In October, Austin-Bergstrom International Airport (AUS) opened a $155.5 million consolidated rental agency complex (conrac) funded with customer facility charges. Beyond creating a new onsite facility for rental agencies, officials also carved out more space for customer parking at the Texas airport.
The new 1.3 million-square-foot conrac includes roughly 760 public parking spaces on the ground level, topped by four floors of rental car operations. Three levels house ready/return areas and quick turn-around facilities; the top level provides 1,288 storage and staging spaces. An integrated customer service building on the first level of rental operations houses counter operations for 11 rental agencies in a facility the size of a football field.
While AUS owns the facility and garners good will for the added convenience it provides, airport personnel suffer almost no headaches associated with the new complex. Pfeffer Development/Conrac Solutions Project Delivery managed the financing, development and construction of the structure. Conrac Solutions oversees day-to-day operations.
Project: Onsite Consolidated Rental Car Facility
Location: Austin-Bergstrom (TX) Int'l Airport
Cost: $155.5 million
Funding: $5.95/day Customer Facility Charge
Facility Size: 1.3 million sq. ft.; 5 stories
Rental Companies Housed: 11
Public Parking: 758 spaces
Rental Vehicle Ready/Return: 1,771 spaces
Quick-Turn Facilities: 48 fueling positions; 12 carwash bays; 270 stacking spaces
Project Timeline: Spring 2013 - Oct. 2015
Master Lessee: Austin CONRAC
Ground Lease Term: 30 yrs.
Developer & Operator: Pfeffer Development/Conrac Solutions
Design/Builder: Austin Commercial
Architect: Demattei Wong Architecture
Electrical: Schmidt Electric
Mechanical, Plumbing, Vacuum System & Windshield Washer Distribution: Young & Pratt
Fueling Systems: Unified Services of Texas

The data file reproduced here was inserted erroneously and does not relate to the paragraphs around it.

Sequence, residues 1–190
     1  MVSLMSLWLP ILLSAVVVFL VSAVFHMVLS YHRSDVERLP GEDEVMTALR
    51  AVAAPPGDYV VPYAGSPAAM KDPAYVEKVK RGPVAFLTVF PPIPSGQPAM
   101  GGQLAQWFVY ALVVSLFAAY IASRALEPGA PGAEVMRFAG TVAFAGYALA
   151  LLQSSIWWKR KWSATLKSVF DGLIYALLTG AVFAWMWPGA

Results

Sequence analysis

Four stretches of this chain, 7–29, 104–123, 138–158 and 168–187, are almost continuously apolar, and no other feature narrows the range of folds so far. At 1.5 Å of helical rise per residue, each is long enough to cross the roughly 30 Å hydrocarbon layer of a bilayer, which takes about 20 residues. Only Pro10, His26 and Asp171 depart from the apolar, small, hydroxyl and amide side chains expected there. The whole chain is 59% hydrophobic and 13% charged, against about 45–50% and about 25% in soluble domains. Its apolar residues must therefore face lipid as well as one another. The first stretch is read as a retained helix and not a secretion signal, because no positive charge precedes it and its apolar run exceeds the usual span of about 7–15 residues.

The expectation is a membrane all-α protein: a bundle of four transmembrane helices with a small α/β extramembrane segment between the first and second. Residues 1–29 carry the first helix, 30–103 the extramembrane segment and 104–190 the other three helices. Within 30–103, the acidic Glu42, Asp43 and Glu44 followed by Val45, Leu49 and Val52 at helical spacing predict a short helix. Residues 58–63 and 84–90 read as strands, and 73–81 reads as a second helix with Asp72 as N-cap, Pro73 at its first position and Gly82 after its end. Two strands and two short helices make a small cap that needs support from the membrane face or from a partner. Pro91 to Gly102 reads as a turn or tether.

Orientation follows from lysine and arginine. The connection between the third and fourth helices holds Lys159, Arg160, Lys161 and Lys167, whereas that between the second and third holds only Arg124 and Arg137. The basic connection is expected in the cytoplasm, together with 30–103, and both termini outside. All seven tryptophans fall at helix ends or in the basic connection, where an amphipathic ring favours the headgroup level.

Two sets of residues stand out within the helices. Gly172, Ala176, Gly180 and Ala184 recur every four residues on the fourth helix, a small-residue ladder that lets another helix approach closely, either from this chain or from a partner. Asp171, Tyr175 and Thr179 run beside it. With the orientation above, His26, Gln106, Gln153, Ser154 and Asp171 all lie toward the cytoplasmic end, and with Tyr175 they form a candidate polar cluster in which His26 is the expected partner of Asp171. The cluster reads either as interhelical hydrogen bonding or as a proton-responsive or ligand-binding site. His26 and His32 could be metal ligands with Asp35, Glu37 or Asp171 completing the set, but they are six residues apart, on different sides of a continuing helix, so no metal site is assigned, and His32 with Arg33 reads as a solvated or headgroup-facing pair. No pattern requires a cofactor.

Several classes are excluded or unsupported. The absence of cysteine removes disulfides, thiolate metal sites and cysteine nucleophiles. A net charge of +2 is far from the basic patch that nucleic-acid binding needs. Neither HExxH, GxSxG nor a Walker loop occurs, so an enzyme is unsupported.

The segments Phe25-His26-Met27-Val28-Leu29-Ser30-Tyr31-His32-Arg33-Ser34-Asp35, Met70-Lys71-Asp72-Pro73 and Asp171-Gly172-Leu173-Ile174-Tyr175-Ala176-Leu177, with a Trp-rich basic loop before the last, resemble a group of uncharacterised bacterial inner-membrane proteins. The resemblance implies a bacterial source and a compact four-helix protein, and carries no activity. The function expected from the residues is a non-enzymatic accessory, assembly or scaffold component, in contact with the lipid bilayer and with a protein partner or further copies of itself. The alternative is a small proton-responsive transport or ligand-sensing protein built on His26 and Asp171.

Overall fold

Carwash Systems: Belanger; Rider Wash Systems
Facility Framework: United Forming
Reinforced Steel Installation: Central Texas Reinforcement
Reinforced Steel Materials: CMC
Post Tensioning Cables: Suncoast
Enabling Work, Site Work & Utilities: Chasco Constructors
Parking Control: Associated Time & Parking
Elevators & Escalators: Schindler Elevators
Irrigation & Landscaping: Avery's Lawn Care
Wall Panels: Fish Construction
Key Benefits: Improved customer service; new logistic efficiencies for rental companies; decreased vehicle emissions
Noteworthy Detail: Airport outsources operation of facility
Shane Harbinson, assistant director of the airport, notes that the recently completed project began in 2008, when AUS updated its master plan. Back then, ready/return areas were located on the third level of a parking garage near the terminal, but facilities for individual agencies were located farther away. Vehicles had to make a 2.5-mile loop for refueling and cleaning before they were returned to service. "We looked at remote sites for a facility, but the rental car companies preferred an on-airport site to avoid bussing and shuttle operations," Harbinson recalls. Ultimately, a 15-acre site just north of the terminal was selected.
After investigating conracs at other U.S. airports, officials determined the best approach was to have the rental agencies intimately involved with developing the project. AUS asked the rental car companies to devise a concept that would protect the airport's interests, including parking revenue, customer service and roadway efficiency.
"We looked at the proposal in somewhat the same way as having a fixed-base operator or cargo facilities at the airport - that is, a private developer would design and deliver the facility and be responsible for operations," Harbinson explains.
Austin CONRAC, the facility's master lessee, was formed at the request of the rental agencies and airport to represent rental car interests. It subsequently contracted with Pfeffer Development and its affiliate, Conrac Solutions Project Delivery, to develop and build the facility.
Personnel from Austin Commercial, the design/builder, highlight the cooperative nature among various participants on the project. "We all owned this project," reflects Jack Archer, the company's Central Texas division manager. "The airport wanted the facility to help modernize the airport and to get their parking spaces back. Pfeffer and the rental car companies wanted a facility that worked for them and the airport. They got what they wanted, and we got a cooperative team effort on the project. And that's what you always want-a team that plays well in the sandbox."